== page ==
If you read some stories about how OpenOffice is reaching the end of the road, you might think OpenOffice was becoming insecure. That's half true. OpenOffice doesn't have the programmers it needs to be safe. That's because all its good developers moved to its fork, LibreOffice, years ago. LibreOffice is as safe as any program can be.
Here's OpenOffice's recent story. In an email titled "What Would OpenOffice Retirement Involve?", Apache OpenOffice Vice President Dennis Hamilton wrote, "In the case of Apache OpenOffice, needing to disclose security vulnerabilities for which there is no mitigation in an update has become a serious issue."
Further, Hamilton said, "It is also my considered opinion that there is no ready supply of developers who have the capacity, capability, and will to supplement the roughly half-dozen volunteers holding the project together."
That's no news to anyone who has followed the OpenOffice/LibreOffice saga. For example, LibreOffice saw 14 version updates last year, compared to one version update for OpenOffice in October 2015.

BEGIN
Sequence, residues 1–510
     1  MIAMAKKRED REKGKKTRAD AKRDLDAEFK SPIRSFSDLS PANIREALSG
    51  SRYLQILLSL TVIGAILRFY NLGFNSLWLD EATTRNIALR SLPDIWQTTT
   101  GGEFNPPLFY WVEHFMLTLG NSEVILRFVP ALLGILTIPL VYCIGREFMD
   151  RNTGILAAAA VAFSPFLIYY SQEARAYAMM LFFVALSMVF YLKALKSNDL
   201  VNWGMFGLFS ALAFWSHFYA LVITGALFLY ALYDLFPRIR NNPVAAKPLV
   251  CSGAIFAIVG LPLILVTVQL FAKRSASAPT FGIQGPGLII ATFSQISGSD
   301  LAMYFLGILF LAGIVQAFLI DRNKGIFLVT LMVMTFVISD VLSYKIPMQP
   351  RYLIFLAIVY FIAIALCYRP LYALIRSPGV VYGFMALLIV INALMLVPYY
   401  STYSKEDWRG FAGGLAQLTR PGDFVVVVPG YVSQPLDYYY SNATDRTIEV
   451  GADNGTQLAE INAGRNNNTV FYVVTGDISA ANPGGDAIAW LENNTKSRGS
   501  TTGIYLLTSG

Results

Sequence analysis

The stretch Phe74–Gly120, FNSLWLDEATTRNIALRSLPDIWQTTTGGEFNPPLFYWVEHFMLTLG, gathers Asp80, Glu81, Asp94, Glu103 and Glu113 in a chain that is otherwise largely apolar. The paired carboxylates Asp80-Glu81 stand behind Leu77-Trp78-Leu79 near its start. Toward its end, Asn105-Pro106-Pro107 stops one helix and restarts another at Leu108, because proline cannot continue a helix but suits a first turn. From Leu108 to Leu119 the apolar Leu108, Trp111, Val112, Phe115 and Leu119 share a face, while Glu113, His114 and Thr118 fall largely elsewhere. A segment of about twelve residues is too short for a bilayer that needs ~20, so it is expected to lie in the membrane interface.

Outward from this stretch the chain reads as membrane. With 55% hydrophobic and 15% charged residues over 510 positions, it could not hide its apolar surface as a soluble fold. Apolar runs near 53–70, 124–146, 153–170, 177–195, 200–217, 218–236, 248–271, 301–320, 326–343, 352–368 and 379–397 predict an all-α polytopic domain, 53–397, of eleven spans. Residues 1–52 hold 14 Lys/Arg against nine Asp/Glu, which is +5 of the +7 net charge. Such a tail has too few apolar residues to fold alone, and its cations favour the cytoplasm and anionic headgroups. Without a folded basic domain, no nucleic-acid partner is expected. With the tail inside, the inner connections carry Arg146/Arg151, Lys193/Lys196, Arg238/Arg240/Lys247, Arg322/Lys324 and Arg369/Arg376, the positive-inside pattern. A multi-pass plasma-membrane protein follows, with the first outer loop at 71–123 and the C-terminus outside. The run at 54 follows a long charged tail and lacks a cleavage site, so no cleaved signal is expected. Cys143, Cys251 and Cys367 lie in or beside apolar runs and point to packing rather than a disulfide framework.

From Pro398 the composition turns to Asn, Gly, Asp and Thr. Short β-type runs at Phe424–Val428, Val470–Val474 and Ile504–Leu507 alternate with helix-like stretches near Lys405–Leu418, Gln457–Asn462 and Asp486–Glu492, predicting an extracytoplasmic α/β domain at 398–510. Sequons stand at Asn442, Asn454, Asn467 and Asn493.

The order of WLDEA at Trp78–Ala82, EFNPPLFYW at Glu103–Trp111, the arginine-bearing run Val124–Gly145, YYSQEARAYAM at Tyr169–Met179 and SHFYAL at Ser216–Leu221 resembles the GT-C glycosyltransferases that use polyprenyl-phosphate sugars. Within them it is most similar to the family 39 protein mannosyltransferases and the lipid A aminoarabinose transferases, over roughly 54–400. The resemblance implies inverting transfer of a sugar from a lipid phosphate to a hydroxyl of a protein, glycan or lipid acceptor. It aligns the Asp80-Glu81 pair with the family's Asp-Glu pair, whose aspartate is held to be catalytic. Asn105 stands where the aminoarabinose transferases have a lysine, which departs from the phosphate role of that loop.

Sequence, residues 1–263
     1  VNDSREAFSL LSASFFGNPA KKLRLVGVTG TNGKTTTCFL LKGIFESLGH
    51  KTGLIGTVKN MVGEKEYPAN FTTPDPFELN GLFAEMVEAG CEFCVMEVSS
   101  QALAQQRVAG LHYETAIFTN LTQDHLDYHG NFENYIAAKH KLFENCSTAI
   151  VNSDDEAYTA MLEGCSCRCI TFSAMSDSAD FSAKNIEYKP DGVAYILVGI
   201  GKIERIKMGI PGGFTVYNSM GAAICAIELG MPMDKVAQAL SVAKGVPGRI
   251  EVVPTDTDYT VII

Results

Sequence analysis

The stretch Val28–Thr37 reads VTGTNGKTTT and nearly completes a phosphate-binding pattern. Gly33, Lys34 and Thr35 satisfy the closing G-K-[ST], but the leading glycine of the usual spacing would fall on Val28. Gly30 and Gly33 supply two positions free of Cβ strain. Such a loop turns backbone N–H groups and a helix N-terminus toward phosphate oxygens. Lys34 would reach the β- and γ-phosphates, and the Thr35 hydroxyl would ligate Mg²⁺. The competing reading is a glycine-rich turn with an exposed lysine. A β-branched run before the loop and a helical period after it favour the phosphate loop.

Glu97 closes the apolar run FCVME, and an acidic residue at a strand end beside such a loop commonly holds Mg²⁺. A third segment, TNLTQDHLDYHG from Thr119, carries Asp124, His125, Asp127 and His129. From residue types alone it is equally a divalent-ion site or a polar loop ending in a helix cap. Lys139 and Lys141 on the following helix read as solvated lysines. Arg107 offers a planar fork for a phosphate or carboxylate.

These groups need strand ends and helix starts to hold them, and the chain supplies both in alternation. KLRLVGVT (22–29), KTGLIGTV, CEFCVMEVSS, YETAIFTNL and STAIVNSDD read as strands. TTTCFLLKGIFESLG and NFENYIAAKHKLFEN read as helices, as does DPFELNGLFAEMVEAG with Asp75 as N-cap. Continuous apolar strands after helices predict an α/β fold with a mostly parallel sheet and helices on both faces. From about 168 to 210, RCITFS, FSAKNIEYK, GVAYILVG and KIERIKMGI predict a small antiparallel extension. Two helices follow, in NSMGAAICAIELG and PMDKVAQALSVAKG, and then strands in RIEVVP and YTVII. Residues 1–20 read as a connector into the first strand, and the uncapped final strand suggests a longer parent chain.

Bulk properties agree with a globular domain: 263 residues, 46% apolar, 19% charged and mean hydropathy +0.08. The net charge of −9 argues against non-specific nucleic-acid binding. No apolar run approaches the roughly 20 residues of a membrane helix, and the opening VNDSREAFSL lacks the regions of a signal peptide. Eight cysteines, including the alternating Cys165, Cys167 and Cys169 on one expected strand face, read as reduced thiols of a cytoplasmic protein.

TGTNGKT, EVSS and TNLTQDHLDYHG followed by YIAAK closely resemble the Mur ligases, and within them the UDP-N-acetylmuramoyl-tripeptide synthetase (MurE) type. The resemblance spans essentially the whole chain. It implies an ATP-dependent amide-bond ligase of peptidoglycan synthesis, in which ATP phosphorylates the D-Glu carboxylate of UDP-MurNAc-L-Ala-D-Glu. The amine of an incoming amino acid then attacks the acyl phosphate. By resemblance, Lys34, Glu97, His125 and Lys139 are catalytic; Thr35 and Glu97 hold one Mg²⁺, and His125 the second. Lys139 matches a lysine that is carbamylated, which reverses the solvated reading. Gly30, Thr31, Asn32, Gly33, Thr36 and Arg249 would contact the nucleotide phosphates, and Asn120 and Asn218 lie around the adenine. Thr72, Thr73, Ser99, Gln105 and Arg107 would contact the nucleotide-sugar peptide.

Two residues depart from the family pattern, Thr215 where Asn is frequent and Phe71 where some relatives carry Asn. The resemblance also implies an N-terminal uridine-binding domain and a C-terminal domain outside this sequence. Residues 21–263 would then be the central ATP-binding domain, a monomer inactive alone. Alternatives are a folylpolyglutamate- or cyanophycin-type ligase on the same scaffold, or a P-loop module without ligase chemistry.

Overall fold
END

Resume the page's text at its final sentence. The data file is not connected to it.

While, officially, OpenOffice isn't dead yet, for all practical purposes it's been a dead program running for years now.
It started when Oracle, then OpenOffice's sponsor, kicked out the LibreOffice programmers in 2010. With this move, Oracle not only got rid of the top OpenOffice developers, it helped build a wall between LibreOffice's code and OpenOffice.
Adding insult to injury, Oracle didn't invest in OpenOffice. Within a year, companies such as Canonical replaced OpenOffice with LibreOffice.
Then, Oracle finally gave up entirely on OpenOffice and dumped it on the Apache Software Foundation. Apache has fostered many great software programs. It's not an orphanage for abandonware, and by 2011, that's really what OpenOffice was.
Since then, OpenOffice has barely limped along. At the same time, The Document Foundation, has done excellent work with LibreOffice.
LibreOffice, which runs on Linux, MacOS, and Windows, is a great desktop office suite. Besides open-source software fans, government agencies, such as the UK, France, and Italy, have moved to LibreOffice.
OpenOffice? It continued its slow death.
Last year, open-source supporters urged Apache to officially abandon OpenOffice. Christian Schaller, a Red Hat software engineering manager, said, "Letting users believe that OpenOffice is still alive and evolving is only damaging the general reputation of open source Office software among non-technical users." Therefore, "Apache should direct people who go to the openoffice.org website to the LibreOffice website instead."
Hamilton is only saying what people in the know already knew. OpenOffice is done. It's time for it to be put in the grave and to encourage everyone to use LibreOffice instead.